The heft and feel of a well-worn handle,
The sight of shavings that curl from a blade;
The logs in the wood pile, the sentiment of huge beams in an old-fashioned house;
The smell of fresh cut timber and the pungent fragrance of burning leaves;
The crackle of kindling and the hiss of burning logs.
Abundant to all the needs of man, how poor the world would be
Without wood.

Everard Hinrichs, quoted by Eric Sloane in A Reverence for Wood


Monday, April 23, 2012

Springtime Means Redbuds, Dogwoods, and Charcoal

Eastern redbud, Cercis canadensis
Walking to work last week, I got some great shots of spring breaking out all around. I used to think that East Texas was the only place that redbuds and dogwoods bloomed, but as I got older and my horizons expanded past Tyler, I discovered that a few other states have the same purple and white display each spring. Growing up, I always knew that the first faint hint of purple in the woods meant that the redbuds were signaling the end of winter, the beginning of spring, and hot weather about three weeks away. In Pennsylvania, basically the same, except that hot weather is still about three months away.

In forestry school I learned that the redbud I was so fond of was properly called the Eastern Redbud, Cercis canadensis...and I figured it was called Eastern because of East Texas, but I couldn't figure out what Canada had to do with it.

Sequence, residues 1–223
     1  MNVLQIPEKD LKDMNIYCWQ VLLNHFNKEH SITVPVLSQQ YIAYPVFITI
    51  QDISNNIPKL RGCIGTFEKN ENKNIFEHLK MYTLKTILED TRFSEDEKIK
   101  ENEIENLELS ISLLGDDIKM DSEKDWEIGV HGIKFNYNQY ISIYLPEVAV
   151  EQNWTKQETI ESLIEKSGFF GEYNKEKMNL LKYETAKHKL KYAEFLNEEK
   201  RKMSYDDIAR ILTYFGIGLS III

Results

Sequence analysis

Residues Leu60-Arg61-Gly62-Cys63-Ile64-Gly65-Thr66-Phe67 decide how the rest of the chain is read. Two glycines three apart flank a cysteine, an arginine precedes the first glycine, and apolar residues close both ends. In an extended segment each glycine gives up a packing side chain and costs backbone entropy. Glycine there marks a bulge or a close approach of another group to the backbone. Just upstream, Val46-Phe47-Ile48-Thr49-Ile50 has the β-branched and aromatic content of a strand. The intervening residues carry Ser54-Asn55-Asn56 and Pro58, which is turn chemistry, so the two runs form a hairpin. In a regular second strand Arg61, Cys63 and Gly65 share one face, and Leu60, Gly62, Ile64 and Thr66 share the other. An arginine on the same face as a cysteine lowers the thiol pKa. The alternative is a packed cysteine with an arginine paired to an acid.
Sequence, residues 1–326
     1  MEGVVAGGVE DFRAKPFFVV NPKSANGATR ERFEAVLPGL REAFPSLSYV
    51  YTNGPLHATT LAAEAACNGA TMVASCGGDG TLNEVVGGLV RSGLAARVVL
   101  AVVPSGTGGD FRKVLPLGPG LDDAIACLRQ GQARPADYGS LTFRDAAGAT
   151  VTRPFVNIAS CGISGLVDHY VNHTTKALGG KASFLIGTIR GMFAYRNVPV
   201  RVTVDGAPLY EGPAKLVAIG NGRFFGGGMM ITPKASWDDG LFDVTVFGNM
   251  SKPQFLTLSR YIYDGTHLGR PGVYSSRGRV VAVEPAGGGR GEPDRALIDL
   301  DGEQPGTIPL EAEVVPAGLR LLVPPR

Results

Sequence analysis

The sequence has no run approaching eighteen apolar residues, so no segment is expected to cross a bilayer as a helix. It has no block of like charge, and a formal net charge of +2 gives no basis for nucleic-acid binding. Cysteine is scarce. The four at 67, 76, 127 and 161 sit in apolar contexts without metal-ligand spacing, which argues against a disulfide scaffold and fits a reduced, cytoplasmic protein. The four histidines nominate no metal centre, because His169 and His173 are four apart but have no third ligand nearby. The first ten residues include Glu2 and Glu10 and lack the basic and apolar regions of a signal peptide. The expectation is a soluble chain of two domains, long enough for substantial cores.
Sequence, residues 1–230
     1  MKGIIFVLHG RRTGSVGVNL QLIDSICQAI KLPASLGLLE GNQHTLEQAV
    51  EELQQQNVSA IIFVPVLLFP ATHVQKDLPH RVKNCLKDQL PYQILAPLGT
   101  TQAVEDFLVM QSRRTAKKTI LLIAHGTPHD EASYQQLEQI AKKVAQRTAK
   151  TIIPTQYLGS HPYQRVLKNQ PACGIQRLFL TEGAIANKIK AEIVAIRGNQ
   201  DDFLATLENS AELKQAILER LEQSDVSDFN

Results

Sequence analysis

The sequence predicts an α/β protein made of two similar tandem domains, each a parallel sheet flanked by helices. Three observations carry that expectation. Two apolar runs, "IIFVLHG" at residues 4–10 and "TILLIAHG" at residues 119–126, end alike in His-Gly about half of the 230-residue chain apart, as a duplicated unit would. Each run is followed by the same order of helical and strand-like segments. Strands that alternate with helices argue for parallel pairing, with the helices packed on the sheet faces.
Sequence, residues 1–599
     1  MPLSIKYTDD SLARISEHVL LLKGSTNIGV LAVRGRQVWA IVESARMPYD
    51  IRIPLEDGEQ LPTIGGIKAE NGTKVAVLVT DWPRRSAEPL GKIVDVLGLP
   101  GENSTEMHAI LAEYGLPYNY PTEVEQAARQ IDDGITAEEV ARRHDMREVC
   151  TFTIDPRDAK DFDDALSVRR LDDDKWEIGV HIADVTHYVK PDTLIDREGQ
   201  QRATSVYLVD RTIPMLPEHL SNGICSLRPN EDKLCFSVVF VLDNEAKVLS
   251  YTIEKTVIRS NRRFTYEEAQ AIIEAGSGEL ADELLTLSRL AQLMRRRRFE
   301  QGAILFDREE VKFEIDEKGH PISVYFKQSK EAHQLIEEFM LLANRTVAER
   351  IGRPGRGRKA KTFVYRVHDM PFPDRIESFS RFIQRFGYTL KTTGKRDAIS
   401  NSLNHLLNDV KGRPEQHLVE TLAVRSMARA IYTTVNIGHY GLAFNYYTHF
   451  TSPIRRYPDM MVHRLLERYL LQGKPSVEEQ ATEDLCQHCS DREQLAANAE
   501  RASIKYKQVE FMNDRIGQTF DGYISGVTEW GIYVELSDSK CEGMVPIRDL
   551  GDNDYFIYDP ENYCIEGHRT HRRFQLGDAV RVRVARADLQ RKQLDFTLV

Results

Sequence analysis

Pink dogwood, Cornus florida var.

Blooming dogwoods go right along with the redbuds.  Dr. Mike Fountain burned Cornus florida into my brain, along with about a hundred other scientific names that still roll off my tongue easier than the names of my kids. I'm guessing that the dogwood tree is special to more people than any other single species of tree.

This weekend was our Penn State Blue/White weekend, which feeds our football withdrawal symptoms until oh, I dunno, the NFL draft, I suppose. For me, it was a good excuse to fire up the grill and avoid yardwork under the guise of "watching the meat." Can't be out there pulling weeds when a brisket is on the grill, can you? Don't taste as good unless an authorized meat watcher keeps things under control.

This year is special, since my friend Sandy Smith, who did such a great job in the charcoal re-enactment that I videod and posted last summer, brought me over a big bag full of the charcoal that they made in that demonstration. It's the real stuff, man, and it burns like charcoal is supposed to.

So, since I had a little free time watching the meat, I shot another short video of a critical fire and meat check, and panned around to give you a little glimpse of spring time in State College. A little barren compared to Tyler this time of year, and pretty green compared to Fairbanks, I'm guessing.

In case you're wondering, Penn State won :-)

1 comment:

Martin said...

These days dogwood is a noncommercial species. It has a dense, fine grain & is really nice to turn on a lathe.
Back when there was a textile industry in New England, it was used for shuttles & bobbins